Marry Me A Little the review of Stephen Sondheim songs currently playing at The St James Theatre Studio was first conceived by Craig Lucas and Norman Rene in 1980.
Having been a chorus member in the original cast of Sweeney Todd on Broadway the previous year, Craig Lucas got to know Stephen Sondheim, and more importantly to know that Sondheim had a trunk-full of cast-offs, off-cuts, and unperformed songs from his previous shows, and from projected works which had never seen the light of day.
Remembering these songs, when tasked with providing a late night entertainment which would be performed after the play SRO (Single Room Occupancy) then on at the theatre for which he was working, Lucas sent Sondheim a postcard asking for permission to go ahead with creating a musical revue, which was to utilise the same simple set as the play.
Fortunately Sondheim sent him back forty-five, from which he chose the seventeen which go to make up the show we see today.
I say ‘show’ and there is indeed a suggested narrative theme, though it’s actually more properly a song-cycle for two people named as simply ‘Man’ and ‘Woman’ and played here respectively by Simon Bailey and Laura Pitt-Pulford.
The overall suggestion of plot is that a couple are breaking up, and going about the necessity of splitting and boxing up the physical manifestation of their relationship; the books, CD’s and objets d’art which define their time together. We are then transported back in time to see how they got to where they were, eventually finding ourselves back where we started.
Simon Bailey is an excellent and rugged ‘Man’ not only singing the role to perfection, but acting the songs with an extremely convincing emotional range, and admirable commitment which actually made me wonder at times whether he’d get to the end of some of the songs, or break down and cry.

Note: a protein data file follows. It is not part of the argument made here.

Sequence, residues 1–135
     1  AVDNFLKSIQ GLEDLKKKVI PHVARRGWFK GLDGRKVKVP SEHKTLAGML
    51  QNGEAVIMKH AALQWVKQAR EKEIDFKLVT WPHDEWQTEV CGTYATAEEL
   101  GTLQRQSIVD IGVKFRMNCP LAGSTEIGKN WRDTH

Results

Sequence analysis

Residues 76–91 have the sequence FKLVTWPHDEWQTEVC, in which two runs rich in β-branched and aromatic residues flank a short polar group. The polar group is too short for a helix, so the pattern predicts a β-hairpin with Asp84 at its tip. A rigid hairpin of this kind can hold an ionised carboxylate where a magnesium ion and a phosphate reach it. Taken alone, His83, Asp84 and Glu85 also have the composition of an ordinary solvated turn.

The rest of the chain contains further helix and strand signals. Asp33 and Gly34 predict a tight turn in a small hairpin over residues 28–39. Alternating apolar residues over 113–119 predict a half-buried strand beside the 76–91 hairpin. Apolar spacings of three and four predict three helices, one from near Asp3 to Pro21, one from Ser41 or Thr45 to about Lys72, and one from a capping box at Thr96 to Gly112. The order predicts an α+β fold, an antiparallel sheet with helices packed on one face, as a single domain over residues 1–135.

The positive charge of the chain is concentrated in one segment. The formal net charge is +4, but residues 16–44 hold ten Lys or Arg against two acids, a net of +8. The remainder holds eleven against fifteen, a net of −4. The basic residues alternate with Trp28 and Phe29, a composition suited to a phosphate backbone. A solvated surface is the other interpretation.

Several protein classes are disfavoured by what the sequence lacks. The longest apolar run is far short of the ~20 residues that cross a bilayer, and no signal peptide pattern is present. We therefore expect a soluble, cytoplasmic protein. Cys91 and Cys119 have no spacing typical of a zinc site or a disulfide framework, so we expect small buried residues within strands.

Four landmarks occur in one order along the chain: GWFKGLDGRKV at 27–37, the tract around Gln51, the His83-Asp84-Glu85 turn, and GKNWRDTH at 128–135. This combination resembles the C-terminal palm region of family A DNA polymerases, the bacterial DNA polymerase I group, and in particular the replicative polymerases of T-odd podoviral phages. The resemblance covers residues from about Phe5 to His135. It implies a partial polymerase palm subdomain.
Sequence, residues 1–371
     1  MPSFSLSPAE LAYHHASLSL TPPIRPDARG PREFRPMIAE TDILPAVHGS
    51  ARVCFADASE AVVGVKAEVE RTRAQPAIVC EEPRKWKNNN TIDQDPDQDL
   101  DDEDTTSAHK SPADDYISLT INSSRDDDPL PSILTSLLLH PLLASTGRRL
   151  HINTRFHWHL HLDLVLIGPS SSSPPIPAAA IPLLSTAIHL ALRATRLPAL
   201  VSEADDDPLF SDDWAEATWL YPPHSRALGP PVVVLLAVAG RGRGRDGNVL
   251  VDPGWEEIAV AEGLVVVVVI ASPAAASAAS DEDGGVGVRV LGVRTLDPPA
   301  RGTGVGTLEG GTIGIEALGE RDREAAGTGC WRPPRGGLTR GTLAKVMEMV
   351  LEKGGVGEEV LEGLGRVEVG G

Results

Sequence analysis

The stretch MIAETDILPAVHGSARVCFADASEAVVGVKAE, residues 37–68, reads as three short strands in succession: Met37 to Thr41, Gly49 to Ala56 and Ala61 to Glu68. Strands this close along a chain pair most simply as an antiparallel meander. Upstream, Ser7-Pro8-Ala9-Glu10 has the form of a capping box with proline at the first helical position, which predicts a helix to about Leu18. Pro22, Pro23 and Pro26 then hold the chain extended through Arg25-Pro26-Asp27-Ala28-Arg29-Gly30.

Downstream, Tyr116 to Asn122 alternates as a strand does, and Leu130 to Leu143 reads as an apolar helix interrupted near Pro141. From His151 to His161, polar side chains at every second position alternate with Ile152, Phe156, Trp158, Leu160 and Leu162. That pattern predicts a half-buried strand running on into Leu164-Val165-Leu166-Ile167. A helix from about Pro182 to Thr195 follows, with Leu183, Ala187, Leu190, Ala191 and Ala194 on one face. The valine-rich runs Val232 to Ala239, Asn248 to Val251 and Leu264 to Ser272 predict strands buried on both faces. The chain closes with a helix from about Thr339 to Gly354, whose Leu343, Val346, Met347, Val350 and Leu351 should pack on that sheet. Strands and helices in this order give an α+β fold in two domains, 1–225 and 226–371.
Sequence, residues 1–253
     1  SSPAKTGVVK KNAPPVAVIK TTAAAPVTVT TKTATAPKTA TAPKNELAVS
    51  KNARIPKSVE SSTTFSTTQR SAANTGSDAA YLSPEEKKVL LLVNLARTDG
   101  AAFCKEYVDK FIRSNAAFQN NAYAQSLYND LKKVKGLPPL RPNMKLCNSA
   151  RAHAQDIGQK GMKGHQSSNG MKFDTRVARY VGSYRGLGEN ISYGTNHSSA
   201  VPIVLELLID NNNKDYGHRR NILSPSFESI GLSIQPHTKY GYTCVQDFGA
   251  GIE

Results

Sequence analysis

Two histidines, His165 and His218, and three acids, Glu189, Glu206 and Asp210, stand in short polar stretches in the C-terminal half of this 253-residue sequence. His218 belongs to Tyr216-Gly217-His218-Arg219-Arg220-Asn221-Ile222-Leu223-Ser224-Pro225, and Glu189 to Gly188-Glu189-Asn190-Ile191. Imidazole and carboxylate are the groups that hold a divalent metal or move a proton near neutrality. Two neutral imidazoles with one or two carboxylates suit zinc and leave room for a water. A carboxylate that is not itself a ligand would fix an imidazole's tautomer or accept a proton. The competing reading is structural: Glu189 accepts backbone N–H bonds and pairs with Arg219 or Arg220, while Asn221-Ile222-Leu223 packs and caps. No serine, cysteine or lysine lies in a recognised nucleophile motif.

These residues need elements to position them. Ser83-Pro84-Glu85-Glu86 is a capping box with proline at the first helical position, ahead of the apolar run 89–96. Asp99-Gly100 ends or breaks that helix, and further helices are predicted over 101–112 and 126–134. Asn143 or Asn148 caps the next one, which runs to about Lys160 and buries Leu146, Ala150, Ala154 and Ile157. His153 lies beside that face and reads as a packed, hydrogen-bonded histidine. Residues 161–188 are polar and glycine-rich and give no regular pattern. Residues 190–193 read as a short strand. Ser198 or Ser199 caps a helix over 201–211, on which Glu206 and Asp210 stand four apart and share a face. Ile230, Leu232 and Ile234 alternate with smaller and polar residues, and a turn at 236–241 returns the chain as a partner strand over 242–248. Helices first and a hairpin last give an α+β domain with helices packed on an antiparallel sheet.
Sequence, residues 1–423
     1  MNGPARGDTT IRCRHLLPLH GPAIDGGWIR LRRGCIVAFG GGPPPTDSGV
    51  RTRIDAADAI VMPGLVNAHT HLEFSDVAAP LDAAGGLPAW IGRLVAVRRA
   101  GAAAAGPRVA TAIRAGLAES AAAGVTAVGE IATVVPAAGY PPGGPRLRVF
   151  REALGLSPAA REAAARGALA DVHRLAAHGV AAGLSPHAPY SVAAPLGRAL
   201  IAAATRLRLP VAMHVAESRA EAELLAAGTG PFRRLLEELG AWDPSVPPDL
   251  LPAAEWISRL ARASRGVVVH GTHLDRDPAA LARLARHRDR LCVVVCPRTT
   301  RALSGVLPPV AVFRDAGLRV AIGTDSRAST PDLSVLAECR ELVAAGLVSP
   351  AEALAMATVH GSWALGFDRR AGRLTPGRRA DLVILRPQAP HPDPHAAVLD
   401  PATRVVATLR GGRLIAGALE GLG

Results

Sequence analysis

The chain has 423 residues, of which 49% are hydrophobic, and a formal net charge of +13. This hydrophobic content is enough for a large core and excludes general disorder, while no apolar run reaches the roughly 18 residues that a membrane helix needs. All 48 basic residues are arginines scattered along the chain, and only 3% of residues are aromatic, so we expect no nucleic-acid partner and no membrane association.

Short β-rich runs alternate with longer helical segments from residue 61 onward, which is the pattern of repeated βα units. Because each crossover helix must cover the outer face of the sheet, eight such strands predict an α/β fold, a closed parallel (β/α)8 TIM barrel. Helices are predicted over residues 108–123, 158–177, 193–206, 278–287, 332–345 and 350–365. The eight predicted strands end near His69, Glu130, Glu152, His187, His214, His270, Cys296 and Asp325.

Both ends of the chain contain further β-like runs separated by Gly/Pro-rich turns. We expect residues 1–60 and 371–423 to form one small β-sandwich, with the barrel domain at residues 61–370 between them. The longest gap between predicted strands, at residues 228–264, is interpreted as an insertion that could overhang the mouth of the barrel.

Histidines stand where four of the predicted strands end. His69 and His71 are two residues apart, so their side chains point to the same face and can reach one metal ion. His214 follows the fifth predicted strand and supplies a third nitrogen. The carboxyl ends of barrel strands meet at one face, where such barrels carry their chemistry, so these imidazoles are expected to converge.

Laura Pitt-Pulford has a voice which is a little less strong, but again shows what an extremely versatile singing actress she is.
I won’t bother to list all the songs – go and see the show! – but some of the highlights are Pitt-Pulford’s rendition of ‘Can That Boy Foxtrot!’ (which was cut from Follies and replaced with ‘I’m still here’), ‘Bang!’, cut from a Little Night Music – and a very sexy duet between the lovers – and perhaps the most emotionally charged song of the evening ‘Silly People’ again cut from ‘A Little Night Music’, but featuring a gut-wrenching performance from Bailey which steals the show.
There are a couple of quite well known songs in the show, the best known undoubtedly being ‘Marry Me a Little’ from Company (here given a nice spin sung by Pitt-Pulford) and ‘There Won’t be Trumpets’(again sung by Pitt-Pulford) but by the very nature of the songs which go to make up the show, most of what’s on offer isn’t that well known, though some of the songs have earned a life through subsequent recording, outside of the show for which they were originally written. Some of them haven’t, and to be charitable, are unlikely to…
Echoing the original production, the evening is staged with faultless precision by Hannah Chissick on Simon Anthony Wells’ brilliantly and simply conceived and perfectly dressed naturalistic set.
If I have one gripe against the show it’s about the pacing. The songs are run straight into one another with no space for the release of tension (by clapping). After a while this gets a bit wearisome, and I admit I had started to lose engagement. Seventy five minutes is a very long time for a musical theatre audience to sit without showing their appreciation.